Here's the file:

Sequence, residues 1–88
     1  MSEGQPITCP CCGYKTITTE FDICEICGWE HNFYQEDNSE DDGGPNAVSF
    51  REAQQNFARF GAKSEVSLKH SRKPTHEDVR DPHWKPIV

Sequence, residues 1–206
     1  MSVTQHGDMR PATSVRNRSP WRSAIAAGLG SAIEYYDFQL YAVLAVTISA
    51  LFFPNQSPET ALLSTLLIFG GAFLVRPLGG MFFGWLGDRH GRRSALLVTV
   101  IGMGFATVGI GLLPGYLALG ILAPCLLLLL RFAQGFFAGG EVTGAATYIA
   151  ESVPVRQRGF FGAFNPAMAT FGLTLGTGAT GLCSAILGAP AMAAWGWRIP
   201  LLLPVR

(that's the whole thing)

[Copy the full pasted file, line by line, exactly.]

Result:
Sequence, residues 1–88
     1  MSEGQPITCP CCGYKTITTE FDICEICGWE HNFYQEDNSE DDGGPNAVSF
    51  REAQQNFARF GAKSEVSLKH SRKPTHEDVR DPHWKPIV

Sequence, residues 1–206
     1  MSVTQHGDMR PATSVRNRSP WRSAIAAGLG SAIEYYDFQL YAVLAVTISA
    51  LFFPNQSPET ALLSTLLIFG GAFLVRPLGG MFFGWLGDRH GRRSALLVTV
   101  IGMGFATVGI GLLPGYLALG ILAPCLLLLL RFAQGFFAGG EVTGAATYIA
   151  ESVPVRQRGF FGAFNPAMAT FGLTLGTGAT GLCSAILGAP AMAAWGWRIP
   201  LLLPVR